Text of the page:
proclivity

noun

pro·​cliv·​i·​ty prō-ˈkli-və-tē How to pronounce proclivity (audio)
plural proclivities
: an inclination or predisposition toward something
especially : a strong inherent inclination toward something objectionable

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Have you always had this leaning toward wanting to know about words and their etymologies? Maybe you even have a propensity to use the featured word several times in the course of the day—due, of course, not to a proclivity for pretentiousness, but because you simply have a penchant for using a rich vocabulary. And perhaps you have a predilection for using lots of synonyms, such as proclivity (from clivus, the Latin word for "slope"), referring to a tendency usually toward something bad; propensity, suggesting an often uncontrollable inclination; penchant, meaning an irresistible attraction; and predilection, which describes a strong liking derived from one's temperament.

Choose the Right Synonym for proclivity

leaning, propensity, proclivity, penchant mean a strong instinct or liking for something.

leaning suggests a liking or attraction not strong enough to be decisive or uncontrollable.

a student with artistic leanings

propensity implies a deeply ingrained and usually irresistible inclination.

a propensity to offer advice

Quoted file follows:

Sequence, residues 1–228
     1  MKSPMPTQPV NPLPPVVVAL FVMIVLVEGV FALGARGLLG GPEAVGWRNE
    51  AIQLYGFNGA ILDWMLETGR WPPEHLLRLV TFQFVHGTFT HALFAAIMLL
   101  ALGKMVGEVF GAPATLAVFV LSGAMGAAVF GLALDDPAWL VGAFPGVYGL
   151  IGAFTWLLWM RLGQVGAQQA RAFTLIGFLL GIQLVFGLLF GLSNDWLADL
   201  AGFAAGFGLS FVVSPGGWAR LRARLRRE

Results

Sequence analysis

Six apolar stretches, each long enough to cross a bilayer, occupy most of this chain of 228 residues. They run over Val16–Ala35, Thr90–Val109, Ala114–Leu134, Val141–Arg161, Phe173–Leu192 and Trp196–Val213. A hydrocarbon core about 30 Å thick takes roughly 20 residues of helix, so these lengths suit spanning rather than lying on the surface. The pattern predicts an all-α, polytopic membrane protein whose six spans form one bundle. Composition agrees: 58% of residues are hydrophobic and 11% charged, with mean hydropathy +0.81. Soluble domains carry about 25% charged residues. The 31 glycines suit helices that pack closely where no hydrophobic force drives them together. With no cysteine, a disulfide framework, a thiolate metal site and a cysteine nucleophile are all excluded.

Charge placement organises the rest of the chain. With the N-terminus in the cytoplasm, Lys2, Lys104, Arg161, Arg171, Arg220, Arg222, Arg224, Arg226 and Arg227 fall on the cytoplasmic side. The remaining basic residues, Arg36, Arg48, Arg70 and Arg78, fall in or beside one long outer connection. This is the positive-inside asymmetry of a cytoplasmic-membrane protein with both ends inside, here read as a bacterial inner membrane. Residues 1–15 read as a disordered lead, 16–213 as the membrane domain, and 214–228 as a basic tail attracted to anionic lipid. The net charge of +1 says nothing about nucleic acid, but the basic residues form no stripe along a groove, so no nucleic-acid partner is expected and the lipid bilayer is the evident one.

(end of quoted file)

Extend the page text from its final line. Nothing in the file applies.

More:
proclivity suggests a strong natural proneness usually to something objectionable or evil.

a proclivity for violence

penchant implies a strongly marked taste in the person or an irresistible attraction in the object.

a penchant for taking risks

Examples of proclivity in a Sentence

showed artistic proclivities at an early age
Recent Examples on the Web Queen Maxima of the Netherlands took her proclivity for florals and applied the sensibility to her jewelry selection during a royal outing to the neighborhood of Zevenbergschen Hoek in the Netherlands on Thursday. Julia Teti, WWD, 5 July 2024 Without that molecular proclivity to curl, depth can spell doom. science.org, 3 July 2024 Both the actress and the royal’s respective apparel perfectly highlighted seasonal transitional dressing, demonstrating their proclivity for the midi dress while adding their own individual spin on the silhouette. Julia Teti, WWD, 18 June 2024 These women enlist their compassion and their proclivity to care for and rescue others. Marta Balaga, Variety, 18 June 2024 See all Example Sentences for proclivity 

These examples are programmatically compiled from various online sources to illustrate current usage of the word 'proclivity.' Any opinions expressed in the examples do not represent those of Merriam-Webster or its editors. Send us feedback about these examples.

Word History

Etymology

Latin proclivitas, from proclivis sloping, prone, from pro- forward + clivus slope — more at pro-, declivity

First Known Use

1561, in the meaning defined above

Time Traveler
The first known use of proclivity was in 1561

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Dictionary Entries Near proclivity

Cite this Entry

“Proclivity.” Merriam-Webster.com Dictionary, Merriam-Webster, https://www.merriam-webster.com/dictionary/proclivity. Accessed 18 Jul. 2024.

Kids Definition

proclivity

noun
pro·​cliv·​i·​ty prō-ˈkliv-ət-ē How to pronounce proclivity (audio)
plural proclivities
: a natural tendency of the mind or personality
showed artistic proclivities at an early age
especially : such a tendency toward something bad
a proclivity for violence

More from Merriam-Webster on proclivity

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